"To me, that's an excellent societal question. Everyone screams about and spits on the paparazzi and the sensationalist tabloids, but they have readers. It's a bit the same here. I have trouble understanding that, in relation to Marin, people prefer watching Kyrgios who throws his racquet and spits, though I have nothing against him. But hearing that sort of thing is problematic. Because what? For tennis to be fun you have to insult the umpires? Shout "fuck" everywhere? Watching a Roger at the top of his art entertaining the crowd, that's tennis to me. Not smashing racquets or whatever .. That's hypocritical."

Do you think we push too much for excess while constantly complaining that the sport is too policed?

"Stop! If people don't want to watch that sort of tennis, they can watch another sport. I'm against all rules that that make the game colourless under the pretext of making it more pleasant for the majority of people."

How do you fight for Čilić's existence in that world?

"What's a shame is that sponsor brands look strongly for that. Either you're right at the top or you're outrageous. But if you're in the category of player like Tomas Berdych, David Ferrer or Marin Čilić, you're nothing.Every time. They hide behind excuses like: "He's from Croatia, it's not a market." It's a very small argument."

Go ahead. We're giving you the chance to sell us Čilić ...

"His generosity. I think Marin Čilić is Pat Rafter's successor in the sense that he does a lot of things for a lot of people. He helps without talking about it. I was astonished when I found out years after that Rafter had built a hospital from the ground up with his own money. Marin gets involved, gives quite a lot to foundations. If people only knew what a big heart he has ..."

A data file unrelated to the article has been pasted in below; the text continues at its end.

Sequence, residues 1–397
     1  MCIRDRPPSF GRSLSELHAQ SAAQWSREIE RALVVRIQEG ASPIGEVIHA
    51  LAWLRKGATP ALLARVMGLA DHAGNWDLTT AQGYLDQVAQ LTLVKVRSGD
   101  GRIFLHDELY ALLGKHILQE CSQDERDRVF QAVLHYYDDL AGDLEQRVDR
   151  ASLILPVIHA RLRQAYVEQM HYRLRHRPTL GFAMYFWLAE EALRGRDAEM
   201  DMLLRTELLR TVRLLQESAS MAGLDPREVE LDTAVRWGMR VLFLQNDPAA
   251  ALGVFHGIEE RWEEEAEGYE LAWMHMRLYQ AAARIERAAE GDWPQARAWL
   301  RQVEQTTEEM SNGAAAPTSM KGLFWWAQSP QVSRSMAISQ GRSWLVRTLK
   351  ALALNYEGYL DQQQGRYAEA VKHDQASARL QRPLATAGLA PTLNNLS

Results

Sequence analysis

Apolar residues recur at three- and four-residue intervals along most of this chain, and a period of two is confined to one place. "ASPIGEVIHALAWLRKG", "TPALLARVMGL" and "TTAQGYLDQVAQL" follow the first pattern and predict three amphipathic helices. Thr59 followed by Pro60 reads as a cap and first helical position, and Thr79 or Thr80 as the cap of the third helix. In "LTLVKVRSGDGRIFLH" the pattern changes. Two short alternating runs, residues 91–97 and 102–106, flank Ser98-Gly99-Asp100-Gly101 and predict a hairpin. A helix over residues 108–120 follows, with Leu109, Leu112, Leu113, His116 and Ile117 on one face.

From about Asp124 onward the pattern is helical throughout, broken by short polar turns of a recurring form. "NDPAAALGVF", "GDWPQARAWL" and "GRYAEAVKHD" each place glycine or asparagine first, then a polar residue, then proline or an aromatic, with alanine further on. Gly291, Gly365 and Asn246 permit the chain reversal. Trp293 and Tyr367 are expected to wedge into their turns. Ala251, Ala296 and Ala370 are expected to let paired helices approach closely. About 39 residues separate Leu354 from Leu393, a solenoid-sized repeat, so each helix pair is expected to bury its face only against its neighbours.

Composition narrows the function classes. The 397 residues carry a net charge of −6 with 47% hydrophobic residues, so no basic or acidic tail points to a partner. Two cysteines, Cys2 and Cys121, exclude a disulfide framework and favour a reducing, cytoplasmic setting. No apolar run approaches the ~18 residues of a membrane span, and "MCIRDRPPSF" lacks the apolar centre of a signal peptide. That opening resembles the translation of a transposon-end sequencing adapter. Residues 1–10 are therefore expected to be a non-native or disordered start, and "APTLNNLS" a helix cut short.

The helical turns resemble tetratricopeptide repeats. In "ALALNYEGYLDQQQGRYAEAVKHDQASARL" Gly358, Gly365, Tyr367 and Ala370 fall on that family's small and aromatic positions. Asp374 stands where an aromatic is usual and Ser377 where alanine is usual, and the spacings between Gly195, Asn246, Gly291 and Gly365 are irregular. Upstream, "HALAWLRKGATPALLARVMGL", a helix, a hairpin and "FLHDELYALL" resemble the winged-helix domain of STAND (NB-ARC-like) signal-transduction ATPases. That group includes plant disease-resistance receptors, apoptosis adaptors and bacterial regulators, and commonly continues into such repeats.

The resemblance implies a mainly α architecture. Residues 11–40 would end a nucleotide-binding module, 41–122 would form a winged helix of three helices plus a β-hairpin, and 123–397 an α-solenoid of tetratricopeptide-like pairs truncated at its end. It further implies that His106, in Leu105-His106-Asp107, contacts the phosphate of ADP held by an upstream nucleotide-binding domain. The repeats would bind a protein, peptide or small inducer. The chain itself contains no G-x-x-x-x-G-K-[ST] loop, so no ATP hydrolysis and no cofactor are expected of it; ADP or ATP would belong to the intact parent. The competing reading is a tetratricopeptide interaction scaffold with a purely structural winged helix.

The thing is many of the players, male and female, coming up are in the category of Tomáš Berdych, David Ferrer and Marin Čilić. The problem is tennis has never been good at marketing players like them and worse at marketing players from Eastern Europe.

Players from Eastern Europe who play for Western European countries like Belinda Bencic and before her Martina Hingisová Molitor who played as Martina Hingis do get/got the full star treatment. Angelique Kerber is Polish but plays for Germany. And there's Simona Halep of Romania. None of them, not one, can headline an event. None of them have that "thing" that draws people to them.

It's the same on the men's side. The top male player, despite all of the effort his people put into promoting him, is not as charismatic as the two men who despite their current woes are still the biggest stars in the sport. And he doesn't wear Nike either. Let's look past him at the up and comers. Alexander Zverev is of Russian descent but both he and his brother who plays as Mischa Zverev play for Germany. Borna Ćorić of Croatia has the good looks that could get him places à la Marat Safin but none of them have the star power to draw casual fans to the sport. Čilić is a very handsome man but as his agent opines he comes from an area of the world that is not considered "a market". The same thing is said of Tomáš Berdych.

Since Čilić brought up David Ferrer I'll mention him briefly. People rant and rave about Feliciano López but in person Ferrer is the much better looking man. Still, neither one of them wear Nike or Adidas, the top brands in sports.

And yes there is Maria Sharapova who, to put it mildly does get a lot of publicity. The WTA has a type and she is still it. Did she get the push because she is based in the States while players like Maria Kirilenko, Anastasia Myskina and Elena Dementieva were unknown outside the world of tennis fanatics?